The International Executive Housekeepers Association (IEHA) and the University of Massachusetts TURI lab have announced that performance analysis during the IEHA/TURI High Performance Cleaning Product (HPCP) testing program will be enhanced through use of the BYK-Gardner Abrasion Tester. The device enables a real-world, variable and repeatable rubbing or scrubbing action to compare the cleaning performance of hard surface cleaners, such as detergents or cleansers; or to test the durability and efficacy of scrub brushes or scouring pads.
According to Jason Marshall, UMass TURI Lab Director: “This device takes the guesswork out of comparing product performance since it precisely matches pressure and rate of cleaning from surface to surface and from product to product. It enables apples-to-apples comparisons between cleaning methodologies to identify high performance.”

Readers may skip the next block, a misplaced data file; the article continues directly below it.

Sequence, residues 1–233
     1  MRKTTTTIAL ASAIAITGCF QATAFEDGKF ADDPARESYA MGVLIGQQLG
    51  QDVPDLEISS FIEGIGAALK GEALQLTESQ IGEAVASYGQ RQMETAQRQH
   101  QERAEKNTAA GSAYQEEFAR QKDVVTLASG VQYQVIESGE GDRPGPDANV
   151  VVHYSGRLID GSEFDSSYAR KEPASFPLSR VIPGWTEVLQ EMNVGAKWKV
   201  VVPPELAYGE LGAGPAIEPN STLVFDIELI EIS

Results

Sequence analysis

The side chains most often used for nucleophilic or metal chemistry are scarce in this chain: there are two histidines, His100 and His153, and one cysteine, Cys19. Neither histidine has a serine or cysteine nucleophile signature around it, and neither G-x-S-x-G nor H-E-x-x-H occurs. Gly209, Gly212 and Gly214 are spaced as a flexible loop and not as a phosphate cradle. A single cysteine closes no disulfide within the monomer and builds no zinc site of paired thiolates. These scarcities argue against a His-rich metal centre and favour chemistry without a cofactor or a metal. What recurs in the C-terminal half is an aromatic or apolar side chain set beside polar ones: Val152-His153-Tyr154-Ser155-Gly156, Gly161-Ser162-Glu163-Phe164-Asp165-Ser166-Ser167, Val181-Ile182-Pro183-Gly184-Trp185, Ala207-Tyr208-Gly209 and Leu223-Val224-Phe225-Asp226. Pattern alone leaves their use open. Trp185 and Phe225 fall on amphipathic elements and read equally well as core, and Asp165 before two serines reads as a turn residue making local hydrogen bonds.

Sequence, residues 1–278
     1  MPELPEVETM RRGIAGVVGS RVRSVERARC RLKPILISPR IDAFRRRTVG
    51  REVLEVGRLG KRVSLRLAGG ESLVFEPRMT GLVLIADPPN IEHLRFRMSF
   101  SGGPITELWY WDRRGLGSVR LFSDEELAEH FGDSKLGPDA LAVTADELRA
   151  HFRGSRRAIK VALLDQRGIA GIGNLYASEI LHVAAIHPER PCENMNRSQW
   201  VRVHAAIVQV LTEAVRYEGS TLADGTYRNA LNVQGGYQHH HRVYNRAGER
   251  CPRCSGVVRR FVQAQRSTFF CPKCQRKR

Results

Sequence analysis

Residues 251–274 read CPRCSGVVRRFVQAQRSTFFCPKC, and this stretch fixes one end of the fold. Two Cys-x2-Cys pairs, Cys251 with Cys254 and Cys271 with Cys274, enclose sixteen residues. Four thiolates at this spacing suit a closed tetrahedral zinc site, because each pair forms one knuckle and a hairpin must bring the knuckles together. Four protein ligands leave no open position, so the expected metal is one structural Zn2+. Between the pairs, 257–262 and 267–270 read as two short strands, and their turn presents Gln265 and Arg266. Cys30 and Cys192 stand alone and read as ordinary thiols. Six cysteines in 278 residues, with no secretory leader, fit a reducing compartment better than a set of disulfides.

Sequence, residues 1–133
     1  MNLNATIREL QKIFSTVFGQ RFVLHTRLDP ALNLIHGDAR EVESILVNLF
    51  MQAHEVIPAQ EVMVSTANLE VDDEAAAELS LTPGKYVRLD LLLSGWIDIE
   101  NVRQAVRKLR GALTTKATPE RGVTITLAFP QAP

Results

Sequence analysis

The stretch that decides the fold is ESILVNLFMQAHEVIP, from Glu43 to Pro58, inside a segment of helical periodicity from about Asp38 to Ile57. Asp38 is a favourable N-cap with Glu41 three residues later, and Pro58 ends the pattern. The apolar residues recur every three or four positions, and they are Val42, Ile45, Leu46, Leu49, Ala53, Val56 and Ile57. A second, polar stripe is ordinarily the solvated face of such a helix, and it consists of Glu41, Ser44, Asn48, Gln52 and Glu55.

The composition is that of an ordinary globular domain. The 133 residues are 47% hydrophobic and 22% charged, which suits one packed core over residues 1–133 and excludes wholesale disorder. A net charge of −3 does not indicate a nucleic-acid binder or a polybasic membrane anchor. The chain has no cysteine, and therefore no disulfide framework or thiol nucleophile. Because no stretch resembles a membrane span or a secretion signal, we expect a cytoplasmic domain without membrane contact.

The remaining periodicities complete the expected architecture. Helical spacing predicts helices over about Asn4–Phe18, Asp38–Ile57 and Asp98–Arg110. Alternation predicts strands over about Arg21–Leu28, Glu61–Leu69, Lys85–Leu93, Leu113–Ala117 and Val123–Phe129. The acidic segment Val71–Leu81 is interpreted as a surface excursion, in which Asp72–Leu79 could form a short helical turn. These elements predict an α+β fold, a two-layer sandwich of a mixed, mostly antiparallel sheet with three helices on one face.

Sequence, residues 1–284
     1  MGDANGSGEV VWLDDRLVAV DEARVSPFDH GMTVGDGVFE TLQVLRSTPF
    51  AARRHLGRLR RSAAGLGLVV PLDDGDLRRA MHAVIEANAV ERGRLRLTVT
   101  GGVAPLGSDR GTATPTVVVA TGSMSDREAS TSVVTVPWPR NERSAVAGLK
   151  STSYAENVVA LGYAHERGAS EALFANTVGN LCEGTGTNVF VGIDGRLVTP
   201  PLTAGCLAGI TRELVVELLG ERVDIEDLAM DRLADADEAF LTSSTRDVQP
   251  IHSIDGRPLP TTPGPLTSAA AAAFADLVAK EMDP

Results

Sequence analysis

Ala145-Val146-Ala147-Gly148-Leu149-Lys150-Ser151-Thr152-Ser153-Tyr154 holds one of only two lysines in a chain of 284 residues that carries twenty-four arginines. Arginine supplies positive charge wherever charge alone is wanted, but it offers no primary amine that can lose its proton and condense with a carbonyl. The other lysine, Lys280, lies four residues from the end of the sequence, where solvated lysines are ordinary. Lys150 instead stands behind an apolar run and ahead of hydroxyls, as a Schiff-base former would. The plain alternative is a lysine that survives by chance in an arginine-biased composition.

The BYK-Gardner Abrasion Tester uses a reciprocating linear motion at approximately 37 cycles per minute with a constant speed over a 10 inch travel. It utilizes a brush, sponge, cotton cloth, microfiber, or other wiper to simulate real life situations and can be used for testing either wet or dry cleaning.
Products demonstrating 85% soil removal using this method qualify as High Performance under the program, according to Marshall.
IEHA plans to utilize the results of these findings and others as part of its High Performance Cleaning Product (HPCP) Report and to augment the IEHA Field Test published in Executive Housekeeping Today.
About the Toxics Use Reduction Institute
The Toxics Use Reduction Institute (TURI) at the University of Massachusetts Lowell provides research, training, technical support, laboratory services and grant programs to reduce the use of toxic chemicals while enhancing the economic competitiveness of local businesses. The TURI Laboratory tests the performance of both industrial and janitorial cleaning products to encourage companies, institutions, and product formulators, to choose and develop safer substitutes. To learn more, visit www.turi.org/laboratory.